Culture of endothelial cells and THP-1 cells

Human umbilical vein endothelial cells (HUVECs) were obtained from Clonetics (Lonza, Walkersville, MD, USA) and cultured according to the manufacturer’s protocol. Cells at passages 2–4 were used. All experiments were performed using endothelial growth medium containing 50 μg mL−1 polymyxin-B (EGM-polyB), unless otherwise indicated. Representative experiments also were performed using human lung microvascular endothelial cells (HLMECs; passages 2–4) from Clonetics. Endothelial cells were incubated in the absence or presence of the desired agonist (1–100 μm heme, 10 ng mL−1 IL-1α, or 10 ng mL−1 TNF-α) for various times (0.5–8 h), and then analyzed for TF mRNA, TF protein or TF procoagulant activity. As a positive control for inducible TF expression, we used THP-1 cells (a human monocytic leukemia cell line; ATCC, Manassas, VA, USA), activated with lipopolysaccharide (LPS) in the absence of polymyxin-B.

Preparation of heme

Fresh working stocks of 10 mm heme were prepared in 0.05 m NaOH, diluted to the desired concentration in EGM-polyB, and pH adjusted to 7.4. Endotoxin-free water was used in the preparation of all reagents. Endotoxin levels in reagents and media were assessed using a limulus assay kit (Lonza).

Analysis of endothelial TF protein

Cell surface TF expression was assessed using two complementary methods, including an enzyme-linked immunosorbent assay (ELISA)-based assay (intact cell monolayer) and flow cytometry (cell suspension), as previously described for endothelial adhesion receptors [14]. Total TF protein level was assessed by using western blotting of cellular proteins. The monoclonal anti-TF antibodies, TF9-10H10 and hTF-1, were used in ELISA and/or flow cytometry procedures, and the rabbit polyclonal anti-TF antibody was employed in western blot analysis (for details refer to Supporting information).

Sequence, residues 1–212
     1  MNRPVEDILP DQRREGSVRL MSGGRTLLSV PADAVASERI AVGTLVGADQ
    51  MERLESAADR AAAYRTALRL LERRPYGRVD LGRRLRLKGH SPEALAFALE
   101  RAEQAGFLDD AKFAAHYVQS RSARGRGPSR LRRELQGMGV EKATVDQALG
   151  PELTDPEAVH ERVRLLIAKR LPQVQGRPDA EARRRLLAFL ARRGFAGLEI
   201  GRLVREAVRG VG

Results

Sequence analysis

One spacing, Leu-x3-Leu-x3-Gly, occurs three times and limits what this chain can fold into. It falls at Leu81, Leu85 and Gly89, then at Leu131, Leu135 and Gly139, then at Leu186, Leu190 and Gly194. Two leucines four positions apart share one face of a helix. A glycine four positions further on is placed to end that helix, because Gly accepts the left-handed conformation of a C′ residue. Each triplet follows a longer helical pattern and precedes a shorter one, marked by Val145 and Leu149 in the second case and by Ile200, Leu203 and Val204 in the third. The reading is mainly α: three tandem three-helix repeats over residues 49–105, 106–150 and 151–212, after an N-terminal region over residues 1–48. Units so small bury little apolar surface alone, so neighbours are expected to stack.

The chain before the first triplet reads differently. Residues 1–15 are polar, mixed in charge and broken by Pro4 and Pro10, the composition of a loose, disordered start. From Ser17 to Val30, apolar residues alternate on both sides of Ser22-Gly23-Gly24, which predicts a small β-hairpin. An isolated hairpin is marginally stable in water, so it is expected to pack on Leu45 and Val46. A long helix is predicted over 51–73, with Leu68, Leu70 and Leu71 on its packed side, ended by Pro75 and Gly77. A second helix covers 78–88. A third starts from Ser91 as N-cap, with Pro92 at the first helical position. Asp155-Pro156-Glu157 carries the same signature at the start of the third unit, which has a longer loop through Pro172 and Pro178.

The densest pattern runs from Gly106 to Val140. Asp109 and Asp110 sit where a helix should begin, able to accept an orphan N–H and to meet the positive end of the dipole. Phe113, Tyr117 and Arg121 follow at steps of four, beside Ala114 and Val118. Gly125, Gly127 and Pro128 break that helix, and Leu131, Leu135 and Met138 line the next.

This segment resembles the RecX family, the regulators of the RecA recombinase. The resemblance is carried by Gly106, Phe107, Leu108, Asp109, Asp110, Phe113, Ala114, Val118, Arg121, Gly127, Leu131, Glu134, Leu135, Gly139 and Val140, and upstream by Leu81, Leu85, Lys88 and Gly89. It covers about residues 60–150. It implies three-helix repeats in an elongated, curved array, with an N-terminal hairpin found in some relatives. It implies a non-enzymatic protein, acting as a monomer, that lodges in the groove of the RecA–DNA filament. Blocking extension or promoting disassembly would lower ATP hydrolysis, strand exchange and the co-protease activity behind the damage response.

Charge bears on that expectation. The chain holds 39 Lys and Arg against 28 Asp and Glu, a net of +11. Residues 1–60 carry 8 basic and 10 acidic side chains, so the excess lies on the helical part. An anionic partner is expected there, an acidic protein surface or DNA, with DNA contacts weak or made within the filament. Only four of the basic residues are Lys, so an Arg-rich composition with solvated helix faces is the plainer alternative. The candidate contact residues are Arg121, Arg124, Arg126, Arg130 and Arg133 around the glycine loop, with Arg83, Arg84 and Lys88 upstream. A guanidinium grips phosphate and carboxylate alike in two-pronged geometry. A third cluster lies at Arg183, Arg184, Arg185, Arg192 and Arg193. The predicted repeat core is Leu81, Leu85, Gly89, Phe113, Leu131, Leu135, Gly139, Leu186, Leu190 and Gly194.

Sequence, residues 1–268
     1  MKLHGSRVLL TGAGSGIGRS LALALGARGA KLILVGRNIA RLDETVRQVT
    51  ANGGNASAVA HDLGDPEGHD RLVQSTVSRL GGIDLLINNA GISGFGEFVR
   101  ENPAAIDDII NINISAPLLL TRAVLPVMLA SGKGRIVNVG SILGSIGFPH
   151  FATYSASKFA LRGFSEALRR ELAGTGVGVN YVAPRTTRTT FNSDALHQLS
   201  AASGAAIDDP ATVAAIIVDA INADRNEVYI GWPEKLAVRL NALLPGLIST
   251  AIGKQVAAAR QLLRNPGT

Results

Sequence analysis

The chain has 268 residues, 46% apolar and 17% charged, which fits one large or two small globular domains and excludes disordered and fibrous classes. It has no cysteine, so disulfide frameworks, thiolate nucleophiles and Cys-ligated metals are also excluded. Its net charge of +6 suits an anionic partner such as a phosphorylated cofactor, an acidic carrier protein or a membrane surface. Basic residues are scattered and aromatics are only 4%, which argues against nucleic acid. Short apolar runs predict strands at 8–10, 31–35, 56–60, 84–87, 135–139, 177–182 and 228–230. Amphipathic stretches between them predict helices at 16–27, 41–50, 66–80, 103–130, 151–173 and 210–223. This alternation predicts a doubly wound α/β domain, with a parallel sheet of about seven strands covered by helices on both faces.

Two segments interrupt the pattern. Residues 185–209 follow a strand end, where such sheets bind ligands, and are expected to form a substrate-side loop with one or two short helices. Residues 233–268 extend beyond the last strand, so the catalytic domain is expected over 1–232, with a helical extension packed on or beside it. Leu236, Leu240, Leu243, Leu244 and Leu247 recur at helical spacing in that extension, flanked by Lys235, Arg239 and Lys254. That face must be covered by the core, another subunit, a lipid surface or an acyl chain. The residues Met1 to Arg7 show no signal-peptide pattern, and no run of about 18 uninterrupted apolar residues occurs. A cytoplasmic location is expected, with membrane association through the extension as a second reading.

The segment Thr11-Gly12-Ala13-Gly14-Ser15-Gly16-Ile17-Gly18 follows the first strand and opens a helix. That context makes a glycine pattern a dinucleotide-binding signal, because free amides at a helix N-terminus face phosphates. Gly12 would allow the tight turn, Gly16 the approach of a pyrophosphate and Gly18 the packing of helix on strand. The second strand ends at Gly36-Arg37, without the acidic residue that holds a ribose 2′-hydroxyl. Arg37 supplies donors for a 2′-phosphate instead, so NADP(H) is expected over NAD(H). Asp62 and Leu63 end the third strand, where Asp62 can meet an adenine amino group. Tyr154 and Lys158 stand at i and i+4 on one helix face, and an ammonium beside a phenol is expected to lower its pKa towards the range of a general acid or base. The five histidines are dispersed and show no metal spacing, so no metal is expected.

Analysis of endothelial TF mRNA

TF mRNA levels in control and treated endothelial cultures were measured using a two-step semiquantitative reverse transcription polymerase chain reaction (RT-PCR) assay employing the primers 5′-TGT-GAC-CGT-AGA-AGA-TGA-ACG-GAC-3′ (forward) and 5′-CCA-CTC-CTG-CCT-TTC-TAC-ACT-TGT-3′ (reverse), which yielded a 380-bp PCR product for TF. The identity of the PCR fragment from the endothelial TF transcript was confirmed by sequencing the purified PCR fragment, and matching the sequence with published TF mRNA (for details refer to Supporting information).

TF functional activity